“I listened to that call. It’s pretty harrowing, and I have to really thank her again because she was very courageous in getting us there,” the chief said.

Murray said responding officers founding the man near a marijuana retailer, but did not provide information on whether he was inside or outside the business where he allegedly shot himself.

The suspect had “a large amount of ammunition” and a firearm when officers found him, the chief said.

Murray told Tuesday that the suspect pulled into the ARCO/ampm gas station and “tried to get into the lobby,” but found the doors were locked.

“He then walked across the street to the Circle K,” Murray said. “As he’s walking into the store he pulls out his gun and there are two people getting food and he shoots them.” Both people died, Murray said.

The suspect then walked out of the store and shot another person, who also died.

Murray said the suspect went back across the street to the ARCO/ampm gas station and shot into a car and drove off.

“We later learned it was his car and that he shot the window of that car in order to get inside because he had locked his keys in the car,” Murray said.

The motive behind the shooting remains under investigation but Murray said the attack appeared “very much random.”

“There was no interaction between him and people,” the chief said. “They were just sitting there getting food and got surprised by this person who came in and … literally as he was opening the door, he started shooting these people.”

Justin Bumbalogh, who was working at Elite Towing and Recovery, next door to the Circle K, said he was half asleep when he heard gunshots. Police said the shooting occurred around 3:30 a.m. local time.

 

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LIFE & WORK

COVID 2023: Do We Know Where We’re Going?—Virtual Lecture, Feb. 7

Michael Osterholm, author of the New York Times Best-Selling “Deadliest Enemy: Our War Against Killer Germs”, on the challenges of the mutating virus.

University of Minnesota Professor Michael T. Osterholm will deliver “The COVID-19 Pandemic: Do We Know Where We Are Going?”—the first Spring 2023 Bentson Dean’s Lecture—on Tues., Feb. 7, at 6:00 p.m. EST.

Osterholm, McKnight Presidential Endowed Chair in Public Health and the director of the Center for Infectious Disease Research and Policy at the University of Minnesota, will discuss what the ever-mutating COVID virus will mean for the future of the pandemic: When will it end? Will it end? Will there be a return to “normal”? The talk will focus on current mutations and data as of February 2023.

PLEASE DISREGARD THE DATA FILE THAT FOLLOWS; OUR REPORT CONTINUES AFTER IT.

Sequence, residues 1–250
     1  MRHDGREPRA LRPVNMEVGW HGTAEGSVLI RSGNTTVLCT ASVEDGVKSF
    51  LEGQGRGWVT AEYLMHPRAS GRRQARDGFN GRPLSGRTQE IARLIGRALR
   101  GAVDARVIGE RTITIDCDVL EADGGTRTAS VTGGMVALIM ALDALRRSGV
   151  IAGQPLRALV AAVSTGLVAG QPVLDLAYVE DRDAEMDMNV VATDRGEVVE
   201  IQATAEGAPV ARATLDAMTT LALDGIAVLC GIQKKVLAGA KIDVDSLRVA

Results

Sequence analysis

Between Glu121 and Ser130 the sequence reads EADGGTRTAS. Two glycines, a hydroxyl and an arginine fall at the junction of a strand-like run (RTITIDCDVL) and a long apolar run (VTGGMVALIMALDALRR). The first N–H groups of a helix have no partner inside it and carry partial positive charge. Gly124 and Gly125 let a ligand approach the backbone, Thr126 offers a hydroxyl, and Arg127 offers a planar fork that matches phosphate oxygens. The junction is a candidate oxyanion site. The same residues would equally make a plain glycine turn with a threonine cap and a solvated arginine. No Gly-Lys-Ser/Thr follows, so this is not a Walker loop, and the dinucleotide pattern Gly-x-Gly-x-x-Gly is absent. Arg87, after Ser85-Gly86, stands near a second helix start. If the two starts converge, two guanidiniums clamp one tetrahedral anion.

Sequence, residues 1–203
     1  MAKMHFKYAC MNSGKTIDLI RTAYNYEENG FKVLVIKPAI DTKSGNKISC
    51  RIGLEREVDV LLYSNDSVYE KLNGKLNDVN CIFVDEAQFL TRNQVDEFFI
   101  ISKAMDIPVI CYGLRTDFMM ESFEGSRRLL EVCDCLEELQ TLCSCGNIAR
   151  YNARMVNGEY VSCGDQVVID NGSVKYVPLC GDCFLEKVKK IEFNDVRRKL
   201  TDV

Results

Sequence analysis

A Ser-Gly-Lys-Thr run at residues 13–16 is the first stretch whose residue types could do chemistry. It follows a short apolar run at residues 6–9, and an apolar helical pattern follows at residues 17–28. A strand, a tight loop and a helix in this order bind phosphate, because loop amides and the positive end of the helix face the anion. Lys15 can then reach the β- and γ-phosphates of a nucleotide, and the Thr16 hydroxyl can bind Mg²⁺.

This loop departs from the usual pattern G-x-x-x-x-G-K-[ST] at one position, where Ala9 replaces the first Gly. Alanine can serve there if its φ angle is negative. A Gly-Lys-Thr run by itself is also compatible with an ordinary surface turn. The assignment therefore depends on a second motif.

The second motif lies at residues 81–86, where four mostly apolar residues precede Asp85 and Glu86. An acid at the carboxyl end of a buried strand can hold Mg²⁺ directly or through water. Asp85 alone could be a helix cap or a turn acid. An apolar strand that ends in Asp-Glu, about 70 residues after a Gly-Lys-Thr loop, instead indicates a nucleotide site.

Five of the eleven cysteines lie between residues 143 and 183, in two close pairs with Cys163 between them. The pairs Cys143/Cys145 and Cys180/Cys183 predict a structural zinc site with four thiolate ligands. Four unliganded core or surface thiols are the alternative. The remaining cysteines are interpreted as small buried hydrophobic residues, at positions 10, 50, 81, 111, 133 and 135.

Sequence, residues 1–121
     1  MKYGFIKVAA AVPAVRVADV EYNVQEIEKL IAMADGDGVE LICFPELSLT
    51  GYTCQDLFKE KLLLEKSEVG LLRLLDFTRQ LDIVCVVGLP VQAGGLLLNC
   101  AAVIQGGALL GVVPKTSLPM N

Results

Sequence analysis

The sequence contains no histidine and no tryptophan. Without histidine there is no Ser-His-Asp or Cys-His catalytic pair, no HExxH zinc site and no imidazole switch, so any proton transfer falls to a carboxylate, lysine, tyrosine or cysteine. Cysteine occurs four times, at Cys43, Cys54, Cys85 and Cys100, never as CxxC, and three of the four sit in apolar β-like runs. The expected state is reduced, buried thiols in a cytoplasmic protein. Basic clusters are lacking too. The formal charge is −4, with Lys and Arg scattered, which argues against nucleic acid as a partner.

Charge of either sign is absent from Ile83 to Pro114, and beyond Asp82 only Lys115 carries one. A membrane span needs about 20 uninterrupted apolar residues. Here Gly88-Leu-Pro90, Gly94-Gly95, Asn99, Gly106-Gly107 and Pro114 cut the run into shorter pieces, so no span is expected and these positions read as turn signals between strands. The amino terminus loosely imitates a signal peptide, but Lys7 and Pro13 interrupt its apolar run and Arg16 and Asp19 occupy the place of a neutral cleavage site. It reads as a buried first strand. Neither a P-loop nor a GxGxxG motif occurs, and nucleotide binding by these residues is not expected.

Osterholm, appointed to then-President-elect Joe Biden’s Transition COVID-19 Advisory Board in November 2020, is the author of the New York Times best-selling 2017 book, Deadliest Enemy: Our War Against Killer Germs, which details the most pressing infectious disease threats of our day and lays out a nine-point strategy on how to address them.

Osterholm served for 24 years (1975-1999) in various roles at the Minnesota Department of Health, including the last 15 as state epidemiologist. He has led numerous investigations of outbreaks of international importance, including foodborne diseases, the association of tampons and toxic shock syndrome, and hepatitis B and HIV in healthcare settings. Osterholm was also the principal investigator and director of the National Institutes of Health-supported Minnesota Center of Excellence for Influenza Research and Surveillance (2007-2014) and chair of the Executive Committee of the Centers of Excellence Influenza Research and Surveillance network.

An RSVP is required by visiting the event page. Zoom coordinates will be sent to attendees the day of the event. For more information, email cas.events@nyu.edu or call 212.998.8100.

Free and open to the public, the Bentson Lectures have, for nearly 10 years, showcased current and visiting faculty and other guests. Funded by the Bentson Family Foundation, recent Bentson Lecturers have included NYU Professor Kwame Anthony Appiah, the New York Times “Ethicist” columnist, on “The Ethics of Work”; NYU Anthropology Professor Rayna Rapp on “The Implications of the Growing role of Genetic Testing”; Karen Adolph, professor of psychology and neuroscience at NYU, on early childhood development in her lecture “Learning to Move and Moving to Learn”; and Brooke Kroeger, an NYU journalism professor emeritus, on “What We Can Learn about Allyship Today from ‘Suffragents’.”